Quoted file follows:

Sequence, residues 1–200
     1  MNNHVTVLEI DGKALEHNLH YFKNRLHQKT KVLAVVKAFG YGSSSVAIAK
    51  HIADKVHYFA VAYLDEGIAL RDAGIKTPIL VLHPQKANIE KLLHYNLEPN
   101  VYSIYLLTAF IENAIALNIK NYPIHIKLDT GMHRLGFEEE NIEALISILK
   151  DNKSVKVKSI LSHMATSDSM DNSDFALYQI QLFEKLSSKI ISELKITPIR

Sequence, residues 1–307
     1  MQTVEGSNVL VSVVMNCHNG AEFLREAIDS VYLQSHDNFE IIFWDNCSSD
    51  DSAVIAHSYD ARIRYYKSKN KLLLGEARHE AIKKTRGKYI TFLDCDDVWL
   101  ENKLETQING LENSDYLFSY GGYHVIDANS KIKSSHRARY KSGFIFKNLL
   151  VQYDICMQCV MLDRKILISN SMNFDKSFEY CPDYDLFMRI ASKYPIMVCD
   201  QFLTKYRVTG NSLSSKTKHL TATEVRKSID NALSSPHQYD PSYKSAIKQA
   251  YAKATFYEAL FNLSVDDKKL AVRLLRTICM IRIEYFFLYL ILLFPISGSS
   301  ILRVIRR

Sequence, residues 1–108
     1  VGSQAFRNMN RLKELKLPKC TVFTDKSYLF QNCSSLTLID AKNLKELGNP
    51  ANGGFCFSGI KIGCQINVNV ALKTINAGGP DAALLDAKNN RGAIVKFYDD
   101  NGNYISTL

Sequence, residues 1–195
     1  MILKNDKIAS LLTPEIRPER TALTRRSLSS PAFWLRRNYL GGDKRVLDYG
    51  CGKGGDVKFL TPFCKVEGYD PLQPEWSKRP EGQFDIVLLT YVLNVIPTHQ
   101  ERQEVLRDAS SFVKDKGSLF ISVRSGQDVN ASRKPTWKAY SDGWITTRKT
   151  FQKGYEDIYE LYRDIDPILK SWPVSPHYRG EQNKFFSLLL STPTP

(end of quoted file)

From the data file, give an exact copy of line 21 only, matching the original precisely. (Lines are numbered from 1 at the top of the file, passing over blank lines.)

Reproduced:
   101  ERQEVLRDAS SFVKDKGSLF ISVRSGQDVN ASRKPTWKAY SDGWITTRKT